#5onFri: Five Tips for Writing About Your Mental Health Journey

by Melanie Gibson
published in Writing

May is Mental Health Awareness Month. One in five U.S. adults live with mental illness, yet it is still a taboo topic in our personal and professional lives. Those with mental illness are often driven to live with their suffering in silence for fear of damaging their relationships and credibility. I have lived with mental illness my entire life but felt the need to keep it hidden until I wrote a memoir about my unique healing journey.

At age thirty-three, still fairly recent into treatment for anxiety, depression, and bipolar disorder, I took up the Korean martial art of taekwondo, something I’d done as a child and had longed to return to. As I grew in my martial arts practice, I became more introspective about my mental and emotional health. Writing about my emotional growth first on my blog, Little Black Belt and later in my book Kicking and Screaming: a Memoir of Madness and Martial Arts gave me the courage to share my mental health experience with the world.

Here are five writing tips that can help you work through your mental health challenges and bravely share your story with others who can benefit from it:

1. Write for discovery.

Before I started a blog and wrote a memoir, I journaled. Journaling is an excellent tool for seeing a situation objectively and noticing patterns, reactions, and results. Some things were working for me, and others were destructive habits I needed to break. Journaling builds a writer’s self-awareness that can aid the recovery process and fine-tune the writer’s ability to articulate his or her experience for an audience.

2. Write for epiphanies.

In addition to strengthening your self-awareness, the objectivity of journaling can inspire insights and epiphanies. As you write about your experiences, thoughts, reactions, and reflections, you may be surprised by the profound realizations you gain about yourself and your life. Take these realizations as valuable lessons for how to heal from old wounds, cope with future stressors, and pursue your goals.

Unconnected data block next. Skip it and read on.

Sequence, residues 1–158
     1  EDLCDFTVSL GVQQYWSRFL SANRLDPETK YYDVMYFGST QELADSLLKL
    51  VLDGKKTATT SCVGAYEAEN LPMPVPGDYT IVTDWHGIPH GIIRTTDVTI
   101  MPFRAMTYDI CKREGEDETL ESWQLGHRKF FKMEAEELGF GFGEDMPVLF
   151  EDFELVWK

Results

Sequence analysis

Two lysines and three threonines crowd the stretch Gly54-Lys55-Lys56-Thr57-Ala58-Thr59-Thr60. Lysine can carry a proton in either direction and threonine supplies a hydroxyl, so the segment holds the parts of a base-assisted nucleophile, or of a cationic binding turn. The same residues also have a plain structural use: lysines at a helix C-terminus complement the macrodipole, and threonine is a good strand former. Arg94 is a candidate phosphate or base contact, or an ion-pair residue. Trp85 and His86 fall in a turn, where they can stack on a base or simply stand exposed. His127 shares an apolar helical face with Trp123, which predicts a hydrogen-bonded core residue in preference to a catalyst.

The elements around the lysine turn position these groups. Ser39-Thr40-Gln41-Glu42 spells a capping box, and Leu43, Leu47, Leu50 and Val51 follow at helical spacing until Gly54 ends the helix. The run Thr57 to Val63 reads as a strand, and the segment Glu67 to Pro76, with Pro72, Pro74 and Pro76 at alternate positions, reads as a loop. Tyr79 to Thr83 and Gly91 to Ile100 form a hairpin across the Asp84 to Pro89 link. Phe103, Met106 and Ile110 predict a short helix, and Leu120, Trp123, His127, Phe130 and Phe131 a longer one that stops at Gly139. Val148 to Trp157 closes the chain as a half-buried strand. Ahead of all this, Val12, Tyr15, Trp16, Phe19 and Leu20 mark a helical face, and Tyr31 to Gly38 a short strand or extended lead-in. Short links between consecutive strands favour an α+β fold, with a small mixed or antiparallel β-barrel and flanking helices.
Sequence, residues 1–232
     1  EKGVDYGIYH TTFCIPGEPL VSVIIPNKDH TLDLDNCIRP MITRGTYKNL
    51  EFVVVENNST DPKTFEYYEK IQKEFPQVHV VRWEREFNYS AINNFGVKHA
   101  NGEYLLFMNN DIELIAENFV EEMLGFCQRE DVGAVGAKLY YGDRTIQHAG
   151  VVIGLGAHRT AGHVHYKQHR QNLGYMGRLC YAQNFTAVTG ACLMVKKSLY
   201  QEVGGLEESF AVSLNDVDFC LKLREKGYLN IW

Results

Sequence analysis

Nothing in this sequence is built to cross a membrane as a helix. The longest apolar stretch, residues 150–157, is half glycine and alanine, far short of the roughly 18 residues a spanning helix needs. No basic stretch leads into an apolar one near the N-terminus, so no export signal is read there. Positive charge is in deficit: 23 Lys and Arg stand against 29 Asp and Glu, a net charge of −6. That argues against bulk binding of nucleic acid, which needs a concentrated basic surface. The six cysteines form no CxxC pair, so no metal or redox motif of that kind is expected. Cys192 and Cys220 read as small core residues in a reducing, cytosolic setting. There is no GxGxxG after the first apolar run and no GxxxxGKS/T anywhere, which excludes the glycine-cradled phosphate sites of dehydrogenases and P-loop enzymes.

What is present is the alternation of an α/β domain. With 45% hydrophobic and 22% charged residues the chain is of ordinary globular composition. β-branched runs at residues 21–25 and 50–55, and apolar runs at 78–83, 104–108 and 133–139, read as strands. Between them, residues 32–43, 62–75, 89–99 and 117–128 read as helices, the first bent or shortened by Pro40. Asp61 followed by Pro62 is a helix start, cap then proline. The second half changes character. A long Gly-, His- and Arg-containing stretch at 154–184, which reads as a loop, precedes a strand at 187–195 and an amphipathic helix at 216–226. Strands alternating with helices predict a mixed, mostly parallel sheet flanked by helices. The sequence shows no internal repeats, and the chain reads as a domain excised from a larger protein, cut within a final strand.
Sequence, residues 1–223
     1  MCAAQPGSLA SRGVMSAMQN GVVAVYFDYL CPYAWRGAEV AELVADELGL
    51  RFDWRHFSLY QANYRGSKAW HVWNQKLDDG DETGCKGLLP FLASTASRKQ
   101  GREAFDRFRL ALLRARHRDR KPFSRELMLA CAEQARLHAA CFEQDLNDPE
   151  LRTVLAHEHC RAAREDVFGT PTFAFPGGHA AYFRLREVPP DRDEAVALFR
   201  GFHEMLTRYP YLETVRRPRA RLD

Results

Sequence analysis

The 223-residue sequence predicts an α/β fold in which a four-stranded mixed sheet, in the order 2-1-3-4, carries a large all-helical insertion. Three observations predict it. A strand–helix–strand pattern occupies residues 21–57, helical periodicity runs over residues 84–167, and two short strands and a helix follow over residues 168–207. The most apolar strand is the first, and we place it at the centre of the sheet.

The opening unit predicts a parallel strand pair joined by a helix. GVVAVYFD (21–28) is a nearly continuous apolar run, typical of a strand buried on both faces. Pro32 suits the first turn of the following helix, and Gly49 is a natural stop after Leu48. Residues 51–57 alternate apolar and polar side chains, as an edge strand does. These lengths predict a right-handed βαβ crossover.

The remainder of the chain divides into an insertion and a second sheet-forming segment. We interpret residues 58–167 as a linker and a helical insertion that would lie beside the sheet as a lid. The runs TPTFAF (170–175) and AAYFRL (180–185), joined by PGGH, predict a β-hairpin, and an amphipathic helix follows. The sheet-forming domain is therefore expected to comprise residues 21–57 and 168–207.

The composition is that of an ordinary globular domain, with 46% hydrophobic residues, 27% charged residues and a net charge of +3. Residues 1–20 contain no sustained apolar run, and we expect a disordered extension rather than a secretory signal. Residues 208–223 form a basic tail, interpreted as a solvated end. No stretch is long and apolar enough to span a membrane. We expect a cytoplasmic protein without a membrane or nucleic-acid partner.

3. Write for lessons learned.

The insights you have about your own mental health journey are teachable moments you can share. Whether you consider yourself a cautionary tale or feel you’ve discovered the secret to success, use what you’ve learned to teach others. As a martial arts instructor, I’ve found that my own technique has improved when I’ve taught others. As you share your lessons about mental health, use the power of new knowledge to improve your own mental health situation.

4. Write for connection.

Having a mental illness is a lonely feeling. The societal stigma against mental illness infects our workplaces, our social settings, and our homes. Writing and sharing your mental illness story is a way to connect with others who share your experience. Connecting with others is a way to soothe the loneliness and isolation that can come with mental illness and share valuable lessons and insights that can help others on their mental health journeys.

5. Write for advocacy.

As I began to publicize my book Kicking and Screaming I had to confront my own bias against mental illness. I’d kept my conditions secret from most people in my life for fear of discrimination, and now I was asking people to engage in my story. It would be hypocritical to promote a book about mental illness while shying away from advocating for my own needs and for the needs of others. I became more vocal in my personal life about my mental health needs, including in my corporate job. I’ve learned to use my platform to bring attention to how common mental illness is and how people who suffer from it need support.

Writing about one’s mental health requires vulnerability and courage. Your writing talent gives you the power to both advance in your own recovery journey and to help others.

Melanie Gibson

Melanie Gibson is a second degree black belt in taekwondo and the author of the new book, Kicking and Screaming: A Memoir of Madness and Martial Arts (She Writes Press).

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